Lucky T is one great adventure. My friends inspired me to read it because it was a great page turner. As soon as I read the inside cover I knew this book would be the one for me.
Carrie is a girl who has all the luck she could possibly have. From the cutest boyfriend in school to being the only sophomore girl on the varsity basketball team. When her mom sends her Lucky T accidentally to India, Carrie is determined to get it back, but along the way she realizes that there is maybe more to life than having luck.
I really enjoyed this book. It was indeed a great page turner. I liked how Carrie goes above and beyond to find a silly T-shirt. To travel around the world like that was crazy, but maybe it was meant to be. It leads her to new friends, love and a completely new life. The new Carrie at the end of this novel might just surprise you.
My only dislike about this book was the author’s lack of the setting. It didn’t make me feel like I was really there. Kate Brian should have included more detail about Indian culture, people’s lives and their customs.
You wouldn’t like this book if you are looking for teenager drama and high school life. Some is portrayed at the beginning, but most of it is about Carrie’s life in India. If that is all you read you could still give it a try and enjoy this adventurous novel.
If you love adventure and romance then this book is perfect for you. As a ninth grader in high school I really enjoyed it. This book is great for high school students because it shows how life actually is beyond high school walls. It also shows how people can change themselves, make enemies best friends, and be a more helpful person to others.
reviewed submitted by Urszula
Throwing Like a Girl
by Weezie Kerr Mackey
This is a good book for preteens. It’s about a girl who moves from Chicago to Texas and how she deals with making new friends and all the problems that come along with moving. She also decides to join the softball team which to her is a big deal because she has never played sports before. I liked this book because it was really funny and I just couldn’t put it down.
reviewed submitted by Olga
Must Love Black is a very interesting book. I say interesting because Philipa was written to look like a Goth who did rebellious things, but she then she takes an interesting Nanny job for ten-year-old twins, with an agreement that she would have to love black. When I read that, I figured that I would give it a shot. I am very glad that I did. This book was indeed strange, but it was also amazing. As you get to know the twins, you fall in love with their practical ways of doing things. I recommend this book to anyone who would like to try a fun and creative book.
reviewed submitted by Nancy
The movie I wanted to write about is 50 First Dates. In this movie there is a guy named Henry Roth (Adam Sandler), Who is a big ‘player’ in Hawaii, meets a woman and then makes an excuse so that he’ll never have to see that woman again.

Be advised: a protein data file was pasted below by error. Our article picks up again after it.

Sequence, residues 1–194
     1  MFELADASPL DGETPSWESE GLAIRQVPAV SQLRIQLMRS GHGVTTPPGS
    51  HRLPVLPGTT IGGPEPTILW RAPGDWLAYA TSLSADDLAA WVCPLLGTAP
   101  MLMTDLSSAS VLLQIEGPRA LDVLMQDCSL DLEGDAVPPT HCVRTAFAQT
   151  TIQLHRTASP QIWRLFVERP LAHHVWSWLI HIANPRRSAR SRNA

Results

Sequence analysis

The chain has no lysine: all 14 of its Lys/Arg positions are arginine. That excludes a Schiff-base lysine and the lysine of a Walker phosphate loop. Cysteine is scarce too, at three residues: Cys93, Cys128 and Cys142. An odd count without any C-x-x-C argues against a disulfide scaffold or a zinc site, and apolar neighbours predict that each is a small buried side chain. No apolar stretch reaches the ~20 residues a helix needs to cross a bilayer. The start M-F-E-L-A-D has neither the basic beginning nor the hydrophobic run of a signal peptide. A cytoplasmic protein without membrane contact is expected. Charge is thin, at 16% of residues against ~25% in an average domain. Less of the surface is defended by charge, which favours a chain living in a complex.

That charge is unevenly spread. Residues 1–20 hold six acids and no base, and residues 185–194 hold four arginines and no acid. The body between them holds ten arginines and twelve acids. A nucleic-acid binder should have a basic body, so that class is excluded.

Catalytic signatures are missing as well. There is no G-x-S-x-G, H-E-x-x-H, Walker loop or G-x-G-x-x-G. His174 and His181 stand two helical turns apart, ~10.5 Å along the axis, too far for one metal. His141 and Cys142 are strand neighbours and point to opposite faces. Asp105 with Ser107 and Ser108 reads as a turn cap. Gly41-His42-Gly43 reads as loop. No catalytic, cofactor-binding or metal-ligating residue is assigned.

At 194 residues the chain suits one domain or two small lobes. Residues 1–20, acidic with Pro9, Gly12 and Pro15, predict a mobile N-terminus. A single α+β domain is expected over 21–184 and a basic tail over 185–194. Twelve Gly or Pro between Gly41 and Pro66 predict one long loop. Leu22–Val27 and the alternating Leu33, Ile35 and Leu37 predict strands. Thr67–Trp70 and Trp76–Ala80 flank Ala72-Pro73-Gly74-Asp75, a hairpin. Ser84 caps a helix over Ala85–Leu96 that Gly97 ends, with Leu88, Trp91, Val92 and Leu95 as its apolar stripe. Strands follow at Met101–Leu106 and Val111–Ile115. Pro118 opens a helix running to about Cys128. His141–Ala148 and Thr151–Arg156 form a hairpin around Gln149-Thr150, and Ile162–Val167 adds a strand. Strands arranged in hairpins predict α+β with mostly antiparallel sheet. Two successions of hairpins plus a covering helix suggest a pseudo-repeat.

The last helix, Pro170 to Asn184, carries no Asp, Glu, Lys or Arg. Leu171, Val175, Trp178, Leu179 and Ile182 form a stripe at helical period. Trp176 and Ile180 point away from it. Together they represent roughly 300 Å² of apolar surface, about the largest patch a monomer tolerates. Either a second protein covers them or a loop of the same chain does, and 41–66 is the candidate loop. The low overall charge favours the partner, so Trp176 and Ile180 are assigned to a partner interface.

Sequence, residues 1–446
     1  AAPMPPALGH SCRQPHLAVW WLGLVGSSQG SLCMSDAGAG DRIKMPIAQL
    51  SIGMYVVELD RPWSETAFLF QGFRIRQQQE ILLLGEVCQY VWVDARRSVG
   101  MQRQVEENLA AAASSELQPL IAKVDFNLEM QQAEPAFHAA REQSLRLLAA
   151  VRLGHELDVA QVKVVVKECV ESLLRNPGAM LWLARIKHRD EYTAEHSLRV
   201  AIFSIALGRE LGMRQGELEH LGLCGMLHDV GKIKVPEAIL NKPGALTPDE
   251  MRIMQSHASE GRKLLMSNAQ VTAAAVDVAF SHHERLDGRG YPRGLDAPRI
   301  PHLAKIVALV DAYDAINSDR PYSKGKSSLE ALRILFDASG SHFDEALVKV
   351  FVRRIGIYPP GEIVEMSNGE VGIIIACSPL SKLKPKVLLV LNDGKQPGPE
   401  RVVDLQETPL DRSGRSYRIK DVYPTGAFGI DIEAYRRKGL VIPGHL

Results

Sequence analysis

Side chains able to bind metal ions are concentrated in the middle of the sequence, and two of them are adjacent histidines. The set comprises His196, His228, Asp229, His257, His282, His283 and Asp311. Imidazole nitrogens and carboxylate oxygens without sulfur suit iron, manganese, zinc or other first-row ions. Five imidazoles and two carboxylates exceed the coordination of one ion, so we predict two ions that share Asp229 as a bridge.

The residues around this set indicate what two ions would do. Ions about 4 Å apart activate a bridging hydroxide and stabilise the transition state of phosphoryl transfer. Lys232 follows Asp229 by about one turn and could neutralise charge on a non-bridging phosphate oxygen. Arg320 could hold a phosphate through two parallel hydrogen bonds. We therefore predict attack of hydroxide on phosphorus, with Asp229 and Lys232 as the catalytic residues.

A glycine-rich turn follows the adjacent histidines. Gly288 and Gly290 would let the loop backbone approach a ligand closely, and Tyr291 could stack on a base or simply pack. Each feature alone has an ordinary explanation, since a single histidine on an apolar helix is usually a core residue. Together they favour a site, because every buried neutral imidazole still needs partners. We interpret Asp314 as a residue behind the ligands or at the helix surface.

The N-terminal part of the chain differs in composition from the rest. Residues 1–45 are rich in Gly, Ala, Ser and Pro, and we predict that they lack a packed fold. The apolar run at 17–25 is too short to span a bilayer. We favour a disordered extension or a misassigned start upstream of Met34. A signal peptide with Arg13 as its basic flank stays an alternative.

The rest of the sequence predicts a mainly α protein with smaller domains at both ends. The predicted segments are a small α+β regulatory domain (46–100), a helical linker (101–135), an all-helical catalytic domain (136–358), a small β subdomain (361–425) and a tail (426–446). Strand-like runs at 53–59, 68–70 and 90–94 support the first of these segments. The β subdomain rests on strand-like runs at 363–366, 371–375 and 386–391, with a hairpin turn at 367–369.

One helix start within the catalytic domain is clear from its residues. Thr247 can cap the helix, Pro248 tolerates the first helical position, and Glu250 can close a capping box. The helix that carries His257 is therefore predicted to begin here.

Henry works at an aquarium as a vet. His big dream is to fix his ship and go to the Arctic to study walruses in their natural habits. As he is testing his ship, the mast breaks, and he has to go to shore and wait for the coast guard to come, he goes into a dinner. While he waits for some food, something flashes sun light into his eyes, as he looks around to see what it was, he sees a girl (Drew Barrymore). She starts making a waffle house, and he walks over to make his move. He sees she’s having trouble with the door of the house. He takes a tooth pick and slides it in the door to make it work, then the girl says how she should’ve thought of that. She says her name is Lucy, and she wants to see him tomorrow. He shows up the next day, and she says she doesn’t know him, he then finds out that Lucy got into a car accident with her father and she has short term memory loss.
I don’t want to spoil too much so I highly recommend this movie. 🙂
reviewed submitted by Merrily
Runt is a survival tale involving the young wolf pup Runt, who has no true name. His puppy life is fraught with sorrow and disappointment that follows him in every step. He is too small, and it seems he can never impress his father, the great black wolf King. This story is very well executed. There are beautiful descriptions and defined characters. Each segment of Runt’s path is filled with action, sentence fluency, and strong word choice. But the most amazing thing about the novel is its rhythm. The writing flows through the reader’s mind in a mellifluous way. No parts are choppy or erratic and none are too dull.
Runt is a great book for many ages and reading levels. It is not too hard for elementary children, nor is it too young for adults. I haven’t picked it up in years, and when I picked it up again I was just as amazed as the first time I ever read the story. Bauer has written an enchanting and memorable story of a young wolf pup. A nominee for the 2005 Rebecca Caudill award, Runt, will have readers soaring through the pages, desperate to find the answers for Runt. Will the young wolf find his own voice, or will he fall, being swallowed by the harshness of the world.
reviewed submitted by Anna